Mark Ford

Boxcar Willie

The Western Lands

By

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The old writer William Seward Hall lives in a boxcar by the river. Thirty years ago he wrote a book called The Boy Who Whittled Animals out of Wood, about a crippled boy who carved animals, and finally animated them by means of masturbatory rites, but since then nothing. Now he sits down to write his way out of death.

Death in William Burroughs is nearly always some sort of ultimate orgasm; in his fiction an endless supply of crazed ephebes are described hanging themselves in shuddering frenzies, dousing each other in gasoline, diving naked and in flames out of windows three thousand feet high, spurting ecstatically in mid-air. New addictions follow hard on the heels of old:

‘A clutch of centipede freaks, naked, on top of each others’ faces, sit with idiot grins, covered with erogenous perforations to the bone, slowly scratching irridescent sores that burst under caressing fingers, yielding gushes of foul-smelling ichor streaked with blood as the addicts twist in galvanic spasms.’

In The Western Lands Burroughs’ frantics are hooked on the venom of cobras, sea-snakes, kraits, tiger-snakes, the blue-ringed octopus, rattlesnakes, water-moccasins, the Gaboon Viper. ‘Bufotenine, extracted from a poisonous toad, brings one out in a strawberry rash, so becoming with pink lace.’ Green mambas are administered anally; others go about with scorpions and centipedes crawling all over them – ‘“Oh my dear, I’m terribly down. I need a lift from my Pede!” and right there in Ma Maison he pulls down his pants and applies a footlong centipede to his erect member. The diners were electrified.’

Ferocious centipedes have taken over most of America, but they are only one element in Burroughs’ rich vision of despair and apocalypse as resumed in his new book. (The Western Lands is the final instalment of the trilogy begun in Cities of the Red Night [1981] and continued in The Place of Dead Roads [1983].) In Egyptian mythology, on which the novel draws heavily, the Western Lands are the realms where those granted immortality by the gods are received. The Egyptians thought mummification, the preservation as far as possible of the departed’s remains, was the safest method to achieve this. Burroughs of course has a more pitiless existential solution; ‘If you fear death all the time, for what time you have left you are immortal.’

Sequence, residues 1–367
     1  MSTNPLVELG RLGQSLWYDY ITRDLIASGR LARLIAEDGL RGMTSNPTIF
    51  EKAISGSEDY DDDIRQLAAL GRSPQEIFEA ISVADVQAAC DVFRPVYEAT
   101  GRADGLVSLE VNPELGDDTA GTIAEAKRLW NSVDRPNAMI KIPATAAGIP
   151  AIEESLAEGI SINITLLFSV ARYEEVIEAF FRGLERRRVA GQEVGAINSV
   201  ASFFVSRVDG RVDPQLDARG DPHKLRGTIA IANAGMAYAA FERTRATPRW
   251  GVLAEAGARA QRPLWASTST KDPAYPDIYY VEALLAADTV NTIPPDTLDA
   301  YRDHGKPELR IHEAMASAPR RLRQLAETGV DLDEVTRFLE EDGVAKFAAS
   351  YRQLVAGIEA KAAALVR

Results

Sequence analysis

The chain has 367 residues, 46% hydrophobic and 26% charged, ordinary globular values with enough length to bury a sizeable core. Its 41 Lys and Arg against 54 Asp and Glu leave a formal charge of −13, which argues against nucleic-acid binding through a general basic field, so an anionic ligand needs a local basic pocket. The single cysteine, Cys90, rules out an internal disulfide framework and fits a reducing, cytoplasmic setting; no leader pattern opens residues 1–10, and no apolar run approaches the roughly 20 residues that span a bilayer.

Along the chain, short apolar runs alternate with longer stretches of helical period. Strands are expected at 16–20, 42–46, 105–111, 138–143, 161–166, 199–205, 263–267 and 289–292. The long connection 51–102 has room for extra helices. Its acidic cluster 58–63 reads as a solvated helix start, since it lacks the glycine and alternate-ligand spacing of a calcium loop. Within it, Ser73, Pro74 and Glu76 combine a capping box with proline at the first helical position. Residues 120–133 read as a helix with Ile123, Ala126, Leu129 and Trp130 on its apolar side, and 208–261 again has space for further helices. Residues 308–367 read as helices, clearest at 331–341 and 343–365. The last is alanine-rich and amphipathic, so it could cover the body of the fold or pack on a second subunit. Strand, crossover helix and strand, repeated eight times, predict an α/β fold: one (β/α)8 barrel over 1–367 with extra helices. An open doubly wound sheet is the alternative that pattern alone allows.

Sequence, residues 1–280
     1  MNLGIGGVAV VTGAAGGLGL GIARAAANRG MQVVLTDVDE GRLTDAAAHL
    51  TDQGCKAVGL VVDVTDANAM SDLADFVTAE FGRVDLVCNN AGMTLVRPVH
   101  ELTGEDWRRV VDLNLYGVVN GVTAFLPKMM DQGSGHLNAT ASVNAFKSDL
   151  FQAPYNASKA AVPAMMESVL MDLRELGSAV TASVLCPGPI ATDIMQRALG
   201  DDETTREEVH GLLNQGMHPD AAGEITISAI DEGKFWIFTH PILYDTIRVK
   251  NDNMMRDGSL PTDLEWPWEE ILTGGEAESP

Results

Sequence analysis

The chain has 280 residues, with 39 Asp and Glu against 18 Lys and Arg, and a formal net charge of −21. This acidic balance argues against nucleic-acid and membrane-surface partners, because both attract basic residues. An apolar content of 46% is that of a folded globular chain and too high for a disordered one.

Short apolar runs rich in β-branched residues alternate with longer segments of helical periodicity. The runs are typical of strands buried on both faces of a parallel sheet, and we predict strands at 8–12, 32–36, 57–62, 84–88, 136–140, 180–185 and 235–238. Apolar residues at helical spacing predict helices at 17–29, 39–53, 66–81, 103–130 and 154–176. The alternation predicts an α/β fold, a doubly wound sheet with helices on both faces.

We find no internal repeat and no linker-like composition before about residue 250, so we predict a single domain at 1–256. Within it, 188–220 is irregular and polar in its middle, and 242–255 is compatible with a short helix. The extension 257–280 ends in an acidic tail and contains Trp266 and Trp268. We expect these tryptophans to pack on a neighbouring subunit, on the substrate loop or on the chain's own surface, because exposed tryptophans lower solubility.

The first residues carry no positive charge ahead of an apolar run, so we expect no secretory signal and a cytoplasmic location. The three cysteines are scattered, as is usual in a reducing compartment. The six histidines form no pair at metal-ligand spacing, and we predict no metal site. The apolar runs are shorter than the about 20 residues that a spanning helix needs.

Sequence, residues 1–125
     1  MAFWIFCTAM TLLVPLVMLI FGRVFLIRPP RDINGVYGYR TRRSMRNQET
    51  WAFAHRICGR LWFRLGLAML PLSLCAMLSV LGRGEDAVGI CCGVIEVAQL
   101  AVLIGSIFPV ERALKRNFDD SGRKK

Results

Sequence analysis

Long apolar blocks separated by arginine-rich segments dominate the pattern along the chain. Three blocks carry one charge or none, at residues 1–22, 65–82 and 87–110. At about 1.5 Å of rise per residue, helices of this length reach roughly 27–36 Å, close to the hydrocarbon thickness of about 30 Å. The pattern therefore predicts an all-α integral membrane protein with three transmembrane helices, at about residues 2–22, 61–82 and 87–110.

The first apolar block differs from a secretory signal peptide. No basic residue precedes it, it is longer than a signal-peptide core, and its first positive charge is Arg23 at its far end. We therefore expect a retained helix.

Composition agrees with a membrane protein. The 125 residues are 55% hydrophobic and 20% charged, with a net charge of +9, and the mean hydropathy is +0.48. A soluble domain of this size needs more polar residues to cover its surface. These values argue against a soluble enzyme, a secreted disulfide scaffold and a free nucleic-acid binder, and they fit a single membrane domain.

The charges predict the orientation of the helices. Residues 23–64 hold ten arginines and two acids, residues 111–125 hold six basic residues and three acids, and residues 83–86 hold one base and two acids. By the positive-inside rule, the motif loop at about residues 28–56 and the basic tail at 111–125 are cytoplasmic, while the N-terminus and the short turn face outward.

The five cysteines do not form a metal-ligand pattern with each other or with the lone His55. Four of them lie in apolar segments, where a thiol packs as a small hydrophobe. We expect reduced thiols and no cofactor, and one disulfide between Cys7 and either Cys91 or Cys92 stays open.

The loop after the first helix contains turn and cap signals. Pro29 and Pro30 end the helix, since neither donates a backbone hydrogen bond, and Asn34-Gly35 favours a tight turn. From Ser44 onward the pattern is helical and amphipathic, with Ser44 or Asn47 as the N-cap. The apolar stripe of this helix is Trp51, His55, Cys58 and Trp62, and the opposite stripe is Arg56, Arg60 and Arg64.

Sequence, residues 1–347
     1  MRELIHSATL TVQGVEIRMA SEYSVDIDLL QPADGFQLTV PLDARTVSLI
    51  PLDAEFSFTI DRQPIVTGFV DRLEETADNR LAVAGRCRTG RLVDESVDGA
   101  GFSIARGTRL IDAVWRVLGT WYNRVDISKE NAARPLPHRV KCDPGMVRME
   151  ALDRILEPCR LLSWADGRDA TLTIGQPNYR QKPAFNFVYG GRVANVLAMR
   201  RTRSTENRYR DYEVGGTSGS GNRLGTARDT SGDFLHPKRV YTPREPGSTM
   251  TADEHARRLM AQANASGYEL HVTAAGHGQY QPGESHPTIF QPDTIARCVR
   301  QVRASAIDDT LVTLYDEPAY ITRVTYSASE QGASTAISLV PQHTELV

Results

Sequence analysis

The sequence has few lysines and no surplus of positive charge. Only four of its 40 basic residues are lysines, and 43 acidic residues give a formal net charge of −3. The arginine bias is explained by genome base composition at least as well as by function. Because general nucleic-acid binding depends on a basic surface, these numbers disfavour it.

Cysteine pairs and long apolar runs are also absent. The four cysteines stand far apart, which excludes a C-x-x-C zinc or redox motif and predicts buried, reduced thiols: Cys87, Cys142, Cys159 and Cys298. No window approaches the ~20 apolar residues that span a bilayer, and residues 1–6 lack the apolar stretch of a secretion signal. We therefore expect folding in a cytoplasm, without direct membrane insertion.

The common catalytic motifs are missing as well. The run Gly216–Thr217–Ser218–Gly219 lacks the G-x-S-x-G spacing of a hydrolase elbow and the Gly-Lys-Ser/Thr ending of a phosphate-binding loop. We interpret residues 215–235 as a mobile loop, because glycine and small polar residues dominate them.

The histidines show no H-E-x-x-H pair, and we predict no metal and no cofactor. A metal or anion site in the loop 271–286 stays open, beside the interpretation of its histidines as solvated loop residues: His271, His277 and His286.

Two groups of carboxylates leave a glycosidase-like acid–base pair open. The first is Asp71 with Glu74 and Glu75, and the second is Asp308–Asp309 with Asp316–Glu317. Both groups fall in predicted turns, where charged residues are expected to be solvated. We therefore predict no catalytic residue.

Burroughs celebrates all those pilgrims who see through the empty charade of our magicless universe and have the courage to addict themselves to fear and death. The questers in The Western Lands are all wonderfully well-trained killers who, importantly, enjoy killing for its own sake. Obscure types of weapons such as the Maquahuitl, the poisoned flail, and the blow-dart, are dwelt on in gloating detail, and hideous new types of death devised. The Breathers, through a mixture of centipede excrement, vulture vomit, bat dung, rotten land crabs, the accumulated body fluids of an imperfectly embalmed mummy, nurture a breath so foul that at point-blank range it can kill you. In the town of Last Chance where duels to the death are the only pastime, the varieties of combat are immense – a dogfight with World War I biplanes, a medieval joust, a motorcycle duel with bicycle chains… Or there is the deadly 50–50, one gun loaded, one with blanks, the choice by lot. Or two pills, one milk-sugar, the other cyanide. Both contestants swallow and wait.

Like nearly all Burroughs’ novels The Western Lands has no linear plot, but cuts from vignette to vignette, each pan fitting together like pieces in a jigsaw puzzle to create the ‘Big Picture’. Its most prominent heroes are Joe the Dead (at work on mutants and interspecies transplants), Hassan I Sabah (an early Iranian revolutionary from whom we derive the word assassin), trigger-happy frontiersman Kim Carsons, a flail-wielding Egyptian scribe called Neferti, and of course the gun-toting old psychopath William Seward Hall himself. Old favourites such as AJ and Doctor Benway also briefly reappear, as if for a curtain-call.

There is in The Western Lands a very definite sense of completion, a strong yearning for conclusion. lnterspliced with the dense picaresque nightmare are diary sections in which Burroughs details his dreams, meetings with his friends, and the appalling dreariness of the hotel he happens to be staying at in Gibraltar. Most of Burroughs’ narratives end up in some sort of colossal explosion, but this one seems curiously to implode, as if to discard its fiercely activated fictions for a quieter more helpless truth. It seems a less arrogant, less self-sufficient book than any he has written previously, continually alluding to the classics of English Literature – Macbeth, The Ancient Mariner, Pope, Keats, Wordsworth, Chaucer, Joyce, Eliot, Pound, Antony and Cleopatra. Towards the end especially, the manic intensity that characterises so much of his prose seems to give way to a more rambling serenity, and there are moments that seem unambiguously personal. ‘The old writer couldn’t write any more because he had reached the end of words, the end of what can be done with words…’, begins the book’s final section. One hopes this isn’t so; but the novel’s ending, with its quote from his fellow St Louis townsman T S Eliot, is surely about as autumnal as Burroughs can ever get:

‘In Tangier the Parade Bar is closed. Shadows are falling on the Mountain.
“Hurry up, please. It’s time.”’

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